The Theoretical Minimum

Dr. Susskind of Stanford has been continuing work on his course series ‘The Theoretical Minimum’.   He’s even set up a full website for it which you can find here:

http://theoreticalminimum.com/home

You’ll find courses on Classical Mechanics, Quantum Mechanics, Special Relativity and Electrodynamics, General Relativity, Cosmology, Statistical Mechanics, Quantum Entanglement, Particle Physics (3 courses), and String Theory.

He describes the aim for the courses on the front page,

“A number of years ago I became aware of the large number of physics enthusiasts out there who have no venue to learn modern physics and cosmology.  Fat advanced textbooks are not suitable to people who have no teacher to ask questions of, and the popular literature does not go deeply enough to satisfy these curious people.  So I started a series of courses on modern physics at Stanford University where I am a professor of physics.  The courses are specifically aimed at people who know, or once knew, a bit of algebra and calculus, but are more or less beginners.”

If you’re interested in learning some deep physics, you should check it out!

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Skipping Through Time

Last night I was watching videos of slow motion and found a video of people jumping up and down on a trampoline at thousands of frames per second.  You could see every detail and movement as they performed backflips and bounced off the trampoline.  About a year ago I was jumping up and down on a trampoline and that got me thinking about time.

We barely perceive any of the time happening around us.  Human consciousness is very choppy.  Our awareness of the world happens when information is processed by our brains.  This takes time and we perceive a “frame” of time every ten to fifteen milliseconds.   That’s about seventy frames per second.  That’s why when we’re watching a movie it can be running thirty frames per second yet still appear like smooth motion to us.  If you recorded the playback of a film with a high speed camera, say 30,000 frames per second, you’d see each frame of the movie and the motions would be choppy.

All of this got me thinking about how we’re so often associated with our bodies.  The atoms of my body persist throughout all of these frames of time, but consciously I do not.  My conscious existence phases in and out, in and out, in and out.  When I’m watching a movie, a frame is displayed on the screen and I perceive it, and then I’m phased out.  A long gap of time exists where I’m not there, and then I’m phased back in roughly when the next frame appears on the screen.  It appears continuous and fluid to me, but it is not in reality.  How many frames existed where I wasn’t around?  Let’s just say that if you could perceive events trillions of time faster, when the frame on your computer screen changed, you’d watch the light travel across your desk and would perceive subtle changes in the shadows from objects on your desk.  You’d also be staring at the same frame on the screen for a long time.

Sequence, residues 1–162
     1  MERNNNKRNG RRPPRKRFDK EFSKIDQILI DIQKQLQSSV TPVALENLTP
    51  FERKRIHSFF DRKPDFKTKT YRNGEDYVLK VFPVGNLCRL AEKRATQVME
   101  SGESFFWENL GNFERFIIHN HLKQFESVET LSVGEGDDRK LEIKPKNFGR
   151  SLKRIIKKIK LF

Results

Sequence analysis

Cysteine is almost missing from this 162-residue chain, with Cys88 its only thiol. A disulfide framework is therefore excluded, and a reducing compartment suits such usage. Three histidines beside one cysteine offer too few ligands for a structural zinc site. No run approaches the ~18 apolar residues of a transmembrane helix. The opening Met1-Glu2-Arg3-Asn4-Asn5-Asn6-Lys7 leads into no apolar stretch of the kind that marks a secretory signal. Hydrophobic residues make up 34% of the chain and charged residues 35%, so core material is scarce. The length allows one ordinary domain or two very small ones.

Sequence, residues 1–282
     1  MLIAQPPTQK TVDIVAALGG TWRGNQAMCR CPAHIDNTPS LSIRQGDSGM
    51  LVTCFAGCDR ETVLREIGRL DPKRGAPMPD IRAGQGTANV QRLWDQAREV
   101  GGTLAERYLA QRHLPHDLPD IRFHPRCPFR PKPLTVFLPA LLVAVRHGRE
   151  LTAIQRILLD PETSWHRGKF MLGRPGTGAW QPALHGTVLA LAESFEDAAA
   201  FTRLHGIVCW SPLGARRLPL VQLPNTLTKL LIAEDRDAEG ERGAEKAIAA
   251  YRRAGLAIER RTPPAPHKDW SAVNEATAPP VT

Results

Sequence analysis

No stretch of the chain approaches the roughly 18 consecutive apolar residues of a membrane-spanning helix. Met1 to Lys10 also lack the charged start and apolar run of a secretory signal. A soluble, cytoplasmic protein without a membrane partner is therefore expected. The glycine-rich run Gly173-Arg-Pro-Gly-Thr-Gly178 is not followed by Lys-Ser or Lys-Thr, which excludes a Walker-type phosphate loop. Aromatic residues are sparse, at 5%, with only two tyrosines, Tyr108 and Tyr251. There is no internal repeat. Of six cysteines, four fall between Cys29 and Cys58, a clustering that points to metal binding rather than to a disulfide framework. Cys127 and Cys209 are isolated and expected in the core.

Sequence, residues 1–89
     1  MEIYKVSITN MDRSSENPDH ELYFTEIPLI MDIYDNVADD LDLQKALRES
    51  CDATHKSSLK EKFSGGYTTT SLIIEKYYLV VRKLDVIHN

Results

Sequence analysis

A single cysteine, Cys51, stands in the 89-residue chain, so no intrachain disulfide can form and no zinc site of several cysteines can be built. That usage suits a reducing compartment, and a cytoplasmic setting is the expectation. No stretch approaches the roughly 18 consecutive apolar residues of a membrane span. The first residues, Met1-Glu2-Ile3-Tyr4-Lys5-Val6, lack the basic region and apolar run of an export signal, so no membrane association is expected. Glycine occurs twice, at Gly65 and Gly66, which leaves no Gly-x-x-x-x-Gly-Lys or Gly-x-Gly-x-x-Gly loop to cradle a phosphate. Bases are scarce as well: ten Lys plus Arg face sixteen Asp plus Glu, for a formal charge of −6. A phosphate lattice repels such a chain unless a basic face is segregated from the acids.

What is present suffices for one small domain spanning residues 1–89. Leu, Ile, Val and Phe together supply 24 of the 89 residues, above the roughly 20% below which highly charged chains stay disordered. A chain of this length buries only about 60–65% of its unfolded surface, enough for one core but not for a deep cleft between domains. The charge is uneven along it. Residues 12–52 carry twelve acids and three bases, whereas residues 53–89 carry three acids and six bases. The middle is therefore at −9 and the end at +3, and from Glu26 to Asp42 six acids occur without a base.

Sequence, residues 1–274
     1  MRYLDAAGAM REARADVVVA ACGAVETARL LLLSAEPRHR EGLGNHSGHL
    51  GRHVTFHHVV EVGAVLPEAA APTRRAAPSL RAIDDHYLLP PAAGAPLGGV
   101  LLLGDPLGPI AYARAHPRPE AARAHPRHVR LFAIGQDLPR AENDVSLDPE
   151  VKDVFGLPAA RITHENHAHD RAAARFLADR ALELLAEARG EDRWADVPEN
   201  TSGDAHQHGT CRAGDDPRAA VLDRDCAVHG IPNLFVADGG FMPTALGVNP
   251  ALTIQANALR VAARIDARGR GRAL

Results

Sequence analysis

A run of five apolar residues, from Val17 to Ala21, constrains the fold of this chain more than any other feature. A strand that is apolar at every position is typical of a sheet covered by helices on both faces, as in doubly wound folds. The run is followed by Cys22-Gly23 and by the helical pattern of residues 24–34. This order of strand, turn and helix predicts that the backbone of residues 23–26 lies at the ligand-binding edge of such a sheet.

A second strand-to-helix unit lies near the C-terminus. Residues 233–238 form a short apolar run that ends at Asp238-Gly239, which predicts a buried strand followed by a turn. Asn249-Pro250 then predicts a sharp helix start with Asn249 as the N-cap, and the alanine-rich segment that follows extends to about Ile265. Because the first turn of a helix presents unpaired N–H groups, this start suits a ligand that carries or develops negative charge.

Some people ask what is the frame rate of life?  Human consciousness is dependent on the rate of information processing in our brains, which as I said is about seventy frames per second.  As for the world, it’s much stranger.  In short, there is no absolute frame rate.  The question is misguided and is based on bad assumptions about how reality works.

Is it possible to always build faster and faster video cameras, capturing more and more detail?  The answer is no.  If you could perceive events fast enough, you’d see the light coming into your eyes pixel by pixel, colored dot by colored dot, and the images would come in slowly and at random times, trickling in over time.  If you perceived even faster than that, you’d have long periods of time where you’d just see black and then you’d see a photon hit your eyes.  Then you’d wait a long time and a photon would once again hit your eyes.  You’d have to assemble the “pieces” in memory, like a person putting together a puzzle before you could perceive anything going on around you.

Events from different times would get all jumbled up.  You’d be seeing photons from many different periods of time.  It’s a similar problem to when you look out into space and see images of stars from millions of years in the past.  Each star, depending on its distance away from us, is from a different era of time.  The light took a long time to get here.  The same thing would be happening for you in your backyard.  Photons from different areas of a blade of grass would come to you at different times and since they’re emitted at random times, you’d have to be pretty clever to put all of this together into a proper scene.